Contract talks with Nova Scotia teachers and government collapse, job action ‘likely’
Talks between the Nova Scotia Teachers Union and provincial government broke down Friday, with the union saying job action is “likely.”
“Government invited us back to the bargaining table but remains unwilling to negotiate working conditions into our collective agreement,” Union President Liette Doucet said in a release sent late Friday.
The two sides met on Monday and Friday of this week with the help of a conciliator. It was the first time they met at the negotiating table since teachers rejected a second tentative agreement in October.
Teachers will be in a legal strike position on Monday Dec. 5. The union has not yet said whether it will immediately call a full strike, or if it will start with work-to-rule or rotating strikes.
“We are disappointed,” Doucet said. “Teachers have been crystal clear. They want real, concrete improvements to the system. They want to teach, not more empty promises and rhetoric.”
Teachers gave the union a 96 per cent strike mandate after the latest contract was rejected. Teachers who have spoken with Global News say classroom conditions like class size and composition, as well as teacher compensation are the primary sticking points.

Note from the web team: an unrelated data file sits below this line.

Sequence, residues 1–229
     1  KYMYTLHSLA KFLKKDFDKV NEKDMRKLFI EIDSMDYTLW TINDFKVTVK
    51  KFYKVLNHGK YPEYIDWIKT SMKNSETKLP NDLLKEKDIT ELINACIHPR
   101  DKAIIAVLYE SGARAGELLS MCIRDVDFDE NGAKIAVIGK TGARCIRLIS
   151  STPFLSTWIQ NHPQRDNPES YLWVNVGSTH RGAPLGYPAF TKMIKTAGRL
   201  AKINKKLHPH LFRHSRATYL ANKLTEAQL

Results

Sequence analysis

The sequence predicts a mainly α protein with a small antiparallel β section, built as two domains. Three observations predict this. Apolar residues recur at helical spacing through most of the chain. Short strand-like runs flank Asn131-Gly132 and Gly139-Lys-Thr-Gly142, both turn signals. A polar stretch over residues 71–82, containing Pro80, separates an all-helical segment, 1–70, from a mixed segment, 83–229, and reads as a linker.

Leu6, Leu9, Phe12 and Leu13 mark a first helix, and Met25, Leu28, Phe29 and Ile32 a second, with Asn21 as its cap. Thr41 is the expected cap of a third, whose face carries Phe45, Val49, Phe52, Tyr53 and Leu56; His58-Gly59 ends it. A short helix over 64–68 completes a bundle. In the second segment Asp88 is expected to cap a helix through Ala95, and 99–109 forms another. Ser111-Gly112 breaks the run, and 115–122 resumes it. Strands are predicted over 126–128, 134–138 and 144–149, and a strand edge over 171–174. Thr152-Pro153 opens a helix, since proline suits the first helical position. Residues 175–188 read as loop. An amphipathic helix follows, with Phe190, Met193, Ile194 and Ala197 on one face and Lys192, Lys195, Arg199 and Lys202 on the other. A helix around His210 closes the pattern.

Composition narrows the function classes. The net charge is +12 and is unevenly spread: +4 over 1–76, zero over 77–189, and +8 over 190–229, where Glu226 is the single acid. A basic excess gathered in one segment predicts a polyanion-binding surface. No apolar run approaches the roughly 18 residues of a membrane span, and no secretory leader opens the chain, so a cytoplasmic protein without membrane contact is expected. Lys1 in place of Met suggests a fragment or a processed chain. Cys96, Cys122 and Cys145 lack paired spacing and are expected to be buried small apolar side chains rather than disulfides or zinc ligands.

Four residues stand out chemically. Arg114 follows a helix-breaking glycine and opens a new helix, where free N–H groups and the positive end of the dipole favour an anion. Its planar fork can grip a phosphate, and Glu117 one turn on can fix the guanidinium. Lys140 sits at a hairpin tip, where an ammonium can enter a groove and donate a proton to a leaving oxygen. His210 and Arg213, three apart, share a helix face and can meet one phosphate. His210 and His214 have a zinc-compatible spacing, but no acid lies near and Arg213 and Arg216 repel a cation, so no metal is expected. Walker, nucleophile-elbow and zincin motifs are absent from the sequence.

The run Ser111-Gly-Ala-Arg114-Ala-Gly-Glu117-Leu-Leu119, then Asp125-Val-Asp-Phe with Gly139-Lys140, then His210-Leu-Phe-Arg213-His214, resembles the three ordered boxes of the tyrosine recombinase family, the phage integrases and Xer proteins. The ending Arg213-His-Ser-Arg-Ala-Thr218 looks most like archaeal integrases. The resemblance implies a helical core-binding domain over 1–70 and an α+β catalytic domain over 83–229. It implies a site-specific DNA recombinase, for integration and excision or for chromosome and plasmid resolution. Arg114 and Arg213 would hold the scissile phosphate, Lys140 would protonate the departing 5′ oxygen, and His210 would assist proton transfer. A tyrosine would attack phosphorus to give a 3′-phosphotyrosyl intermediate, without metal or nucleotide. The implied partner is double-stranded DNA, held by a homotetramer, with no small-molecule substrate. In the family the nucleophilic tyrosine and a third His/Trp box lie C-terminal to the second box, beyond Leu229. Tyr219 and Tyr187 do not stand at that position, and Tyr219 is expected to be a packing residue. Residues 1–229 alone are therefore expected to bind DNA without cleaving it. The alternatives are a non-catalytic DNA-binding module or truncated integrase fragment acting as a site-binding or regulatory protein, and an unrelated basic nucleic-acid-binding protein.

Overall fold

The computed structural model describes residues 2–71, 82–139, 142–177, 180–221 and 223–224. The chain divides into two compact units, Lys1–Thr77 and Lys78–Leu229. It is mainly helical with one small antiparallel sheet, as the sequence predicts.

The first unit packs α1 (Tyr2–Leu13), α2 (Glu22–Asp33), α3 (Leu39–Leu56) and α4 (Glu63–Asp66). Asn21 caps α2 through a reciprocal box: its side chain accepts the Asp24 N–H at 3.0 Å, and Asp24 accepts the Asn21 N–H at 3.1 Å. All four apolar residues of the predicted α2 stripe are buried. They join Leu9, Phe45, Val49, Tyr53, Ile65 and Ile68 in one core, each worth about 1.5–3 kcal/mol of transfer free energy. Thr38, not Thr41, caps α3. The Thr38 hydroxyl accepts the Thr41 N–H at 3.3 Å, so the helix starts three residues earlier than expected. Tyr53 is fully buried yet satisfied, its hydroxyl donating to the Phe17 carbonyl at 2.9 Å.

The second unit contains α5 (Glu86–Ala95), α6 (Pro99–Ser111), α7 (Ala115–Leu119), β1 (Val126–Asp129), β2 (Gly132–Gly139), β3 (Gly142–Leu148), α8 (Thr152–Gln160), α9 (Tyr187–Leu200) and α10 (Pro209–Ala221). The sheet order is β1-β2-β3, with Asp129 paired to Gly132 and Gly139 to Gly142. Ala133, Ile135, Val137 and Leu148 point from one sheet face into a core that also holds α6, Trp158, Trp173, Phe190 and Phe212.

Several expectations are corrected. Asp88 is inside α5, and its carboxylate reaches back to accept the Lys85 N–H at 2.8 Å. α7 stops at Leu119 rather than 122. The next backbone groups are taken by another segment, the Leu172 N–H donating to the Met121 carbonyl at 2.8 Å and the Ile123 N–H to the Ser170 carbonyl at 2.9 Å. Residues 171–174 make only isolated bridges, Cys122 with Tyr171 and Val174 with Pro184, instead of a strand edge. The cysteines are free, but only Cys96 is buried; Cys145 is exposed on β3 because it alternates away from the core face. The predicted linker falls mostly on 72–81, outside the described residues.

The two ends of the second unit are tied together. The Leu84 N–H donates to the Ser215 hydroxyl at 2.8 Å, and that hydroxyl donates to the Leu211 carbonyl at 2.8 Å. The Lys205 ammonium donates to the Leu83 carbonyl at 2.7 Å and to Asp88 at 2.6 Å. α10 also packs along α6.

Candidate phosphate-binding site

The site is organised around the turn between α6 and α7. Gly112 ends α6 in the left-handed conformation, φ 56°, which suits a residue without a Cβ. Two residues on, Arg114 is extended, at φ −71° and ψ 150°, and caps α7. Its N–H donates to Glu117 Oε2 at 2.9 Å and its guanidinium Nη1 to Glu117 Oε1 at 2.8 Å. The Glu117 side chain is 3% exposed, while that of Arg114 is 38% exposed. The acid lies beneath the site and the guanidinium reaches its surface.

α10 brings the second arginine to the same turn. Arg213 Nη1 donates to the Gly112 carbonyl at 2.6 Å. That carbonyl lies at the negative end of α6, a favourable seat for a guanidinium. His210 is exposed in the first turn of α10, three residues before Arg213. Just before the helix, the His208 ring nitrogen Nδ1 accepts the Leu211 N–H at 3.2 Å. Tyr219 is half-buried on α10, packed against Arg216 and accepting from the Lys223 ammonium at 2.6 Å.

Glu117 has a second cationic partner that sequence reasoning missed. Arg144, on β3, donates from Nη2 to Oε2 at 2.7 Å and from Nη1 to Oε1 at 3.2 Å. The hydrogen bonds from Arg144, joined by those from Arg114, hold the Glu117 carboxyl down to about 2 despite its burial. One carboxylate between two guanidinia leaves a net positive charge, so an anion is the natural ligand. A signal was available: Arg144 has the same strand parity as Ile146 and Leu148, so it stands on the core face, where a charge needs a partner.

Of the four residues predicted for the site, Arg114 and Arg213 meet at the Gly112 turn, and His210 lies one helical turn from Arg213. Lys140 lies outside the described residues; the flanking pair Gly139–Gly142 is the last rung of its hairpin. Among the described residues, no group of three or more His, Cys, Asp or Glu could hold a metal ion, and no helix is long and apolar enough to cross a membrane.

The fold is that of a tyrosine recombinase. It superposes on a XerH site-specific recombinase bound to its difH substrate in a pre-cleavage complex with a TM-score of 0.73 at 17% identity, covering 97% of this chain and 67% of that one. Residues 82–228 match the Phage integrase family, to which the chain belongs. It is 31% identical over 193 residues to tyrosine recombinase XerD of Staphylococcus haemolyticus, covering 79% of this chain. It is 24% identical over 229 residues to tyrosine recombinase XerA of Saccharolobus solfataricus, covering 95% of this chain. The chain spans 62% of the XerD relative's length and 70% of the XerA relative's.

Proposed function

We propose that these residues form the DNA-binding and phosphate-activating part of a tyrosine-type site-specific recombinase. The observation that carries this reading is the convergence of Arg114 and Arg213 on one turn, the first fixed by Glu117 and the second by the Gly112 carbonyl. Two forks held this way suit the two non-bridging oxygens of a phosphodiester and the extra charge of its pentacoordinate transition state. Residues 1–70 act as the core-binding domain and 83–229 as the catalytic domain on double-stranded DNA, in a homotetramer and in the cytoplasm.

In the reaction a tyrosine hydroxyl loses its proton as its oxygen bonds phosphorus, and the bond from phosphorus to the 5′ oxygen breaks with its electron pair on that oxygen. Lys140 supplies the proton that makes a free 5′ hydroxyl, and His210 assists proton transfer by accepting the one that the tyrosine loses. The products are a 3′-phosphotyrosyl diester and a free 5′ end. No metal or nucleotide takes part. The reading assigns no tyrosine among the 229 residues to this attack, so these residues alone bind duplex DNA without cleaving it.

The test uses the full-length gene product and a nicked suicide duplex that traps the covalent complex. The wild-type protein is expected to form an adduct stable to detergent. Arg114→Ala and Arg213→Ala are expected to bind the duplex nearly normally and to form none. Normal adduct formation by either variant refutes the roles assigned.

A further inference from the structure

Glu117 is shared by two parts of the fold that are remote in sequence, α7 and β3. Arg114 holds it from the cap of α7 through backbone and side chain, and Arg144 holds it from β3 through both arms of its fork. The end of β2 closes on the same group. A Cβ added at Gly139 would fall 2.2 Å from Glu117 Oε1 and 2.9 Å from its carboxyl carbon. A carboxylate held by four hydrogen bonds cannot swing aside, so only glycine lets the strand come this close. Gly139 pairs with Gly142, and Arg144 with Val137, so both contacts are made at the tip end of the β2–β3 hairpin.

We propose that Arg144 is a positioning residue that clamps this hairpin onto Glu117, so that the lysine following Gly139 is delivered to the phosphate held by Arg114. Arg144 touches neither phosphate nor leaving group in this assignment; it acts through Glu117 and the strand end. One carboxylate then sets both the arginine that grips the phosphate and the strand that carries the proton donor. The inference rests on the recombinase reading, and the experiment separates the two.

A union spokesperson could not say whether the government conceded on any of those issues during negotiations.
Premier Stephen McNeil said in a statement he is “disappointed that the Nova Scotia Teachers Union walked away from the negotiating table.”
“The most recent proposal from the province included everything in the previous agreement, and an additional $10 million to address classroom conditions, with the direction of spending to be determined by a working group of teachers, school boards, the Nova Scotia Teachers Union and the Department of Education and Early Childhood Development,” the statement reads.
McNeil called the proposal from the union “unrealistic” and says it would have cost tax payers close to $500 million, which he said is “simply not acceptable.”
While the government released the total cost of the teacher’s proposal, it did not release the total cost of its contract proposal. No one from the government was able to explain how the two compare. However, in a series of tweets McNeil’s Principal Secretary Laurie Graham said the union asked for two per cent wage increases for each year of the four year contract and for the long service award to be kept.
McNeil has previously said the government would not provide more money for teacher compensation.
“I want to reassure parents that we will continue to do everything we can to find a resolution as quickly as possible,” McNeil said.
© 2016 Global News, a division of Corus Entertainment Inc.